That's right: with a chainsaw. Turns out that a chainsaw is a handy tool if you're building a strawbale house.
Strawbales have a super high insulation value, being so densely packed and thick (18"). The walls are strengthened by installing the strawbales like bricks, called a "running bond," where the end of a bale in one layer rests on the middle of the bale beneath it. Once all the bales are up, plaster is applied to the inner and outer surfaces, to keep the straw airtight and prevent bugs from finding a home.
But getting the walls up is harder than you might imagine. To make plastering smooth, the bales need to be plumb and level, otherwise you might be applying 6" of plaster in one spot and 1" in another. Not only would that be a waste of plaster but plaster is very heavy, and it's likely that applying a coat of plaster that's two inches or thicker will end up sagging.
When installing the bales, you want them to be as well aligned as possible. And, at the same time, you want to get them in as close next to each other and the frame as possible, compressing them tightly into every nook.
But the fact is that strawbales are unruly. They are not uniform in dimension, and they can be more or less densely packed. And, to make things just a bit more complex, you sometimes have to resize bales to fit into certain corners or gaps. But turns out that's pretty easy, once you do it a couple times. The harder part is re-shaping them into angles, or cutting notches into them to make them nuzzle up close to wall studs. That's when the chainsaw comes in.
I'd never used a chainsaw before, and I was pretty nervous. Everyone tells you how dangerous they are. Well, I don't know if anyone actually ever told me that directly, but it seems like I must have heard that a thousand times. Not only are they considered dangerous, but as a girl, and then as a woman, I had never been encouraged to try using one. Recently, we have had a wonderful permacultural designer named Andrew Faust doing some improvements to the farm, including cutting down some trees to increase the sunlight to the main garden. One day at lunch, he and Bill, another resident companion at the farm, were talking equipment, using numbers. Something like, "What are you using, an 18, or a 20?"
I realized at that moment, which took place just after I signed up for the Yestermorrow course, that I was going to have to get comfortable asking a lot of basic questions, because even though I could make an educated guess that they might be talking about the length of the blade (or maybe the size of the engine?), I really wasn't sure at all. I was going to have to get used to asking questions like "What does that mean?" "What do you call that?" and "Can you show me how?" The Yestermorrow course gave me lots of opportunities to get comfortable asking all my "newbie" questions.
And I got to try out using a chainsaw. I have to say, it was really fun. Assessing where and how much you want to cut is one thing, but then, at some point, you have to just dive in and start cutting. Ace and Deva showed us how easy it was to re-strap a bale, so when someone accidentally cut through the strap, it was no big deal ("low-stakes" exercises, in learning/educational jargon). But even though I knew that the bale could be easily fixed, I dreaded the possibility of cutting the strap. All my "good girl" training came out in full force; I didn't want to "do it wrong."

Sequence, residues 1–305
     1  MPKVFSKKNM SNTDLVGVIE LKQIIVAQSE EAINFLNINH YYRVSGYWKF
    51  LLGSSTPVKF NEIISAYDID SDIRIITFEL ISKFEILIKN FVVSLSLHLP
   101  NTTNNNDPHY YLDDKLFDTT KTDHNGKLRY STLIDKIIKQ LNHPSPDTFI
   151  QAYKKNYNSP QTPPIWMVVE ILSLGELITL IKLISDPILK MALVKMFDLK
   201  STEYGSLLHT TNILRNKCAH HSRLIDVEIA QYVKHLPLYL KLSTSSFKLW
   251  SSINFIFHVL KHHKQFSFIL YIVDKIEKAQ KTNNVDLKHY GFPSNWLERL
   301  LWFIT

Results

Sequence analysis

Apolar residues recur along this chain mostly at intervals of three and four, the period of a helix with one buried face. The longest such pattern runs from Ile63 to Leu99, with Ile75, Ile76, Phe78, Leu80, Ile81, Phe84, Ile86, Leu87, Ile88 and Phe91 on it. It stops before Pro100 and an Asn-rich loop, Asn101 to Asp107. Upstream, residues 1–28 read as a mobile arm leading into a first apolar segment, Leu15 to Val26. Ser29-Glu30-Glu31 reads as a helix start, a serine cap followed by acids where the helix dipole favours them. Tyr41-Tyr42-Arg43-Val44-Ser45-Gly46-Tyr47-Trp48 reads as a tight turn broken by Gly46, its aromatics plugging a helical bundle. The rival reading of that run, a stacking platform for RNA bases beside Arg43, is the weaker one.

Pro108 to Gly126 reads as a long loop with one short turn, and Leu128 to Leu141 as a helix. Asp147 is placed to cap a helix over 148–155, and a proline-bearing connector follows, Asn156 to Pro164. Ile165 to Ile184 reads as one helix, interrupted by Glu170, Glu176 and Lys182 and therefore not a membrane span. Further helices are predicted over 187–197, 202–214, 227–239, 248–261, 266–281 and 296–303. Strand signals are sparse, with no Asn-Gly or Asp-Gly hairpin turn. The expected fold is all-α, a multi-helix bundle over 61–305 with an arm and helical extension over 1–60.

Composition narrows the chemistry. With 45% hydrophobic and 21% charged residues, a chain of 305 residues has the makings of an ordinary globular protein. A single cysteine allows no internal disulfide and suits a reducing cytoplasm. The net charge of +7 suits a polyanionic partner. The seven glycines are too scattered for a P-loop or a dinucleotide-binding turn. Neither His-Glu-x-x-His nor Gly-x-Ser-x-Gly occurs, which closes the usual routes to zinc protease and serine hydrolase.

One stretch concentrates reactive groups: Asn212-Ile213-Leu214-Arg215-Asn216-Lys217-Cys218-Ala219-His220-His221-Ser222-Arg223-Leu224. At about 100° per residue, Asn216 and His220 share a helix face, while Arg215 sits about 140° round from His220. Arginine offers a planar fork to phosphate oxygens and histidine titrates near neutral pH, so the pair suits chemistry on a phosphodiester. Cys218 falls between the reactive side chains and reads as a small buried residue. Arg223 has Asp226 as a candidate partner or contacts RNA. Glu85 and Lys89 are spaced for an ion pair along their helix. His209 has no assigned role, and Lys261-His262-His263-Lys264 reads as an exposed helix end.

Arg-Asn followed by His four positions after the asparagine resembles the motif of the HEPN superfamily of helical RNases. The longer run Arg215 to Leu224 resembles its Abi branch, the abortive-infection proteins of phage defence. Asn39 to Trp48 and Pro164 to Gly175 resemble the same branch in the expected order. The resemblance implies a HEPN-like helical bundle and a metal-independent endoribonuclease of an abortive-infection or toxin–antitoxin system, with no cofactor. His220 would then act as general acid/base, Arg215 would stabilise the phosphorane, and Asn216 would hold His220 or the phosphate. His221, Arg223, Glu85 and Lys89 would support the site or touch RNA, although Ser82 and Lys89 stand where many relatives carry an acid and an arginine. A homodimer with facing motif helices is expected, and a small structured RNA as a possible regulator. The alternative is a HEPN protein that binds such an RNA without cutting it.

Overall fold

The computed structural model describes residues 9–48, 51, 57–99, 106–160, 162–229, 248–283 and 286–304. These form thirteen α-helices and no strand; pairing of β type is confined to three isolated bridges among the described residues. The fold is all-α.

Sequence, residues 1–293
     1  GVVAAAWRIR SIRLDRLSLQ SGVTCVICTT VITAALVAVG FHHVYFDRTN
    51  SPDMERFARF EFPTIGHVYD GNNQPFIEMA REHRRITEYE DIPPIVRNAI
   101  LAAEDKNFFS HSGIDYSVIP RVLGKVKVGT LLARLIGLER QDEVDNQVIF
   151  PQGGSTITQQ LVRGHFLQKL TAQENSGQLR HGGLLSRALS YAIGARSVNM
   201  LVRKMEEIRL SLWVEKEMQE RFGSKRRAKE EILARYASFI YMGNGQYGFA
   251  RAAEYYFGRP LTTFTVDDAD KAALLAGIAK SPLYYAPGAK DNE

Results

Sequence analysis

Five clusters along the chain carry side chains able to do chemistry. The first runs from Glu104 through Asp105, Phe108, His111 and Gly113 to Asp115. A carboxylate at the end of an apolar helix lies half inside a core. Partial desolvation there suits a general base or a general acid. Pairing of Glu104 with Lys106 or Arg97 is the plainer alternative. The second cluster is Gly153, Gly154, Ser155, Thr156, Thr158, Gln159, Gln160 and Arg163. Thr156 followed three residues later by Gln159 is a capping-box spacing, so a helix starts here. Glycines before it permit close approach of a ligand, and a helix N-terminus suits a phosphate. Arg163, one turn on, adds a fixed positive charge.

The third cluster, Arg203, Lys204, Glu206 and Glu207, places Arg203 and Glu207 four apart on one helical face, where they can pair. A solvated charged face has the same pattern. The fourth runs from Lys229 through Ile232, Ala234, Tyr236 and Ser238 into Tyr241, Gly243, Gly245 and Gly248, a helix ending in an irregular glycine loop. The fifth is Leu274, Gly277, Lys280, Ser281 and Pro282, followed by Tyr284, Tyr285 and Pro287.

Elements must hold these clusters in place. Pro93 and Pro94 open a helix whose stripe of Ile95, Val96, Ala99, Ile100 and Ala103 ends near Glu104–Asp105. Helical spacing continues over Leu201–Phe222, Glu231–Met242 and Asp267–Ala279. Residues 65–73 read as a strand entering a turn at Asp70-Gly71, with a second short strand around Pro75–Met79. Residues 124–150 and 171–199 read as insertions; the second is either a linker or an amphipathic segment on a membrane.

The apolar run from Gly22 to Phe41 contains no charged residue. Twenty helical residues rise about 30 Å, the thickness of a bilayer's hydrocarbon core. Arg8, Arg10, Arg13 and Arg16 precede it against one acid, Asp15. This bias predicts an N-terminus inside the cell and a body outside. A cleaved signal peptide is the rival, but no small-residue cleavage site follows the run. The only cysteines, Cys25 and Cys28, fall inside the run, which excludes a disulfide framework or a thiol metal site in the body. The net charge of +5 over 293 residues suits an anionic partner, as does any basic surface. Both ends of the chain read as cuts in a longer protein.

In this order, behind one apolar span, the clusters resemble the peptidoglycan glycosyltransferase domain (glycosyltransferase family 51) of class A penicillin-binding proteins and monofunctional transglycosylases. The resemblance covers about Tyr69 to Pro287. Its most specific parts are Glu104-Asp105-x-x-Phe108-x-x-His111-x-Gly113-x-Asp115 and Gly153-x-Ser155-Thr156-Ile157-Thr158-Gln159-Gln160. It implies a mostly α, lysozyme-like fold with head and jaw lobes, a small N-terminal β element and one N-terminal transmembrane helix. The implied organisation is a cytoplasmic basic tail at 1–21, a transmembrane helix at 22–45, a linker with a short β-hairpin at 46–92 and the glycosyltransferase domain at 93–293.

As I sat there wrestling with that particular little demon, I realized that I was never going to learn to shape a bale if I didn't start actually cutting. So I took a deep breath, got into a balanced stance, and began. It was so cool to see all the straw go flying, and to feel the resistance of the bale against the blade. I learned that you had to apply some pressure in some spots as well, or the straw would just sort of yield to the blade, bending, and thereby avoiding being cut. Ace was a great mentor, going beyond just telling me how, but staying with me and guiding me until I got my sea legs.
I learned that I had to be decisive, even if that meant that I might not do it perfectly. And as I practiced on my second and third bale, I got better at seeing the negative space of the angle I wanted to create (geometry!), and at leaning into the cut. Like a lot of things in life, there are precautions to be taken, and you have to cultivate a certain awareness, but in the end, you have to take action.
I plan on getting comfortable with power tools; there are courses at Yestermorrow designed especially for women to learn how to use power tools, and to learn carpentry skills. It's incredibly empowering to pick up a skill that you were probably never really encouraged to even want to have. My last carpentry experiment was in 7th grade, I believe, when I made a tiny little bookstand, maybe about a foot long. I remember that class, and wanting to fit in, and wanting to learn how to use a saw, and wanting to please the teacher, and not wanting to make a fool of myself, and wanting the boys to like me. All these desires were like a storm within me. I'm so thankful to be an adult now, to be able to recognize my internal conflicting voices and desires, and (usually) to not let them paralyze me. I can quiet my mind, and simply ask myself, "What do I really want to do?" And I can be decisive in pursuing the answer.